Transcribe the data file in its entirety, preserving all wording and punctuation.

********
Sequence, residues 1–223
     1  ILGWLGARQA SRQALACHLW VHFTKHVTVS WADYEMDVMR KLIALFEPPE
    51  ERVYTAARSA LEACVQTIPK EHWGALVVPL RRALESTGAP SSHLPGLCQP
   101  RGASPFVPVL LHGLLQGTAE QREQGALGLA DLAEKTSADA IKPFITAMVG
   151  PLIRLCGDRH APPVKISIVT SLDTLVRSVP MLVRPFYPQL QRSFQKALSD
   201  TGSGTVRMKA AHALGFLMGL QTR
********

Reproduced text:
Sequence, residues 1–223
     1  ILGWLGARQA SRQALACHLW VHFTKHVTVS WADYEMDVMR KLIALFEPPE
    51  ERVYTAARSA LEACVQTIPK EHWGALVVPL RRALESTGAP SSHLPGLCQP
   101  RGASPFVPVL LHGLLQGTAE QREQGALGLA DLAEKTSADA IKPFITAMVG
   151  PLIRLCGDRH APPVKISIVT SLDTLVRSVP MLVRPFYPQL QRSFQKALSD
   201  TGSGTVRMKA AHALGFLMGL QTR